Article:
A woman on the NextDoorNeighborhood.com forum replied to my inquiry about the Mysterious Cat. Cyndi Parrely lives on the corner two city blocks east of our house. Her garage door is always slightly open, about a foot. There is a stone statue of a cat in her garden. Visible just under her door is a small cat enclosure. The lair of the Mysterious Cat.

“I do not know if it’s a boy or girl. Can’t really get close enough. I began feeding her/him about a year ago. Very gentle but keeps her distance. Never makes a sound.”

Cyndi has defaulted to referring to the Mysterious Cat as “her”. No one knows its true gender or age. Or where it came from. But Cyndi is a kind and generous person who has made a home in her garage for the Mysterious Cat. She has entered the behavioral and food chain of the feral cat, and performs a vital function to its survival.

The Mysterious Cat would only accept food and some limited outdoor shelter from her. No petting sessions, little physical contact. “I touch her when she comes up to eat and she is fine with that. Doesn’t run away.”

Suddenly a number of mysterious puzzle pieces about local cat behavior revealed themselves. Two cats who live at the south end of the block near the entrance to the park never leave their yard. The Mysterious Cat does not permit it. He limits their territory to their own yard, chasing them back to their house if they venture outside their clearly defined territory. He allows them their yard, but no more. And his policing of the boundaries is vigilant and rough.

Young Chester, our adopted stray who lived outside much of the time before we adopted him, had three deep puncture wounds on his left ear when we got him a year or so ago. When Chester first appeared in the neighborhood right before we adopted him the Mysterious Cat had savagely enforced his territorial rule on young Chester. Even though he was no more than a kitten, Chester was a threat, a competitor for food in the Mysterious Cat’s domain. There was no room for Chester. The Mysterious Cat tried to kill him. Luckily, young Chester escaped with only minor wounds and we adopted him permanently as an indoor cat. Now he is safe.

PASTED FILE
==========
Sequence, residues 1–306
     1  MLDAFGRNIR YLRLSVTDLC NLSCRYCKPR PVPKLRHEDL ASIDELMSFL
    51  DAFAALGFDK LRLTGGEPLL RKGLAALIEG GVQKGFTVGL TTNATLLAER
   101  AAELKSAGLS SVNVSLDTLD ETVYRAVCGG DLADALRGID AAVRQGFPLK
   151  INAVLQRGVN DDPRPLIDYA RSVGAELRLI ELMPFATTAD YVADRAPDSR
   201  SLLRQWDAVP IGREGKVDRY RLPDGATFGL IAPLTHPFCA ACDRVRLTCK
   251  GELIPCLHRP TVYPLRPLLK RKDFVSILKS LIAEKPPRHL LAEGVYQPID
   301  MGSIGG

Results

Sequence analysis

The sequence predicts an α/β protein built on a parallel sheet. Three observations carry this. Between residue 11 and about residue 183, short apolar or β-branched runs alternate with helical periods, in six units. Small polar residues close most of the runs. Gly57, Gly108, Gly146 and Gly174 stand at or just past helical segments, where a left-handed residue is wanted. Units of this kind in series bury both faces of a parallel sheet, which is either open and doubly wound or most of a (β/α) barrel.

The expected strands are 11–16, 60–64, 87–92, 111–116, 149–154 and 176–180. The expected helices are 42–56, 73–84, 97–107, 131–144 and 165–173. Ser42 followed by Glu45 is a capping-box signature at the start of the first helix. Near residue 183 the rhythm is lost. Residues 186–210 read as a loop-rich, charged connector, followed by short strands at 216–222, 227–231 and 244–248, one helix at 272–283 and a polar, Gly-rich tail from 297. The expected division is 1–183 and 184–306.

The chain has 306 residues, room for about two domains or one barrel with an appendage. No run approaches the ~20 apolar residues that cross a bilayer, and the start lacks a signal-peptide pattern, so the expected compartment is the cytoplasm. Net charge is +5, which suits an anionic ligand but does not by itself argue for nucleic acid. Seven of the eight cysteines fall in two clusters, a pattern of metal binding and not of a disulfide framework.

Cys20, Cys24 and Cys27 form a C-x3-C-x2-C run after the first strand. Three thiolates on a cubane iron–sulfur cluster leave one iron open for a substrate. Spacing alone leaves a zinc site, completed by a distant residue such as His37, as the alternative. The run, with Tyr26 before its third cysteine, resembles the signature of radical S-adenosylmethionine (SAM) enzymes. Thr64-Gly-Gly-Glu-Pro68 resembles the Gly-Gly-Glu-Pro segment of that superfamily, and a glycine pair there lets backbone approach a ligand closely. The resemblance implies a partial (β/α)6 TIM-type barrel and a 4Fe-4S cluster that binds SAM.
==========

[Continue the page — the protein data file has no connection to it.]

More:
For months Chester would sit in the window and meow a longing, urgent meow in the early morning, the time when the Mysterious Cat was most frequently seen returning to his lair. The week after the Vice-Admiral held his meeting on the back porch with the Mysterious Cat, Chester stopped meowing. He has not done it since. It’s been a week. It is as though some silent communication was passed on that Chester is off the “kill” list; the Vice-Admiral has brokered a peace treaty. Call me a crazy cat person, but this behavior is real.

Cyndi told me, “She [or he] stares at my cat through the glass door. They are both outside together at times and get along. No fights.” Cyndi told me about the Mysterious Cat’s behavior in her yard. “I try and coax her but to no avail.”

Perhaps the most remarkable part of this story is the role we humans play in the Mysterious Cat’s life. Something in us, some desire to spread kindness and safety, is leveraged by the Mysterious Cat. It is arguable who ultimately commands the neighborhood, the humans who live in the houses here, or the Mysterious Cat that can bend us to its will without making a sound.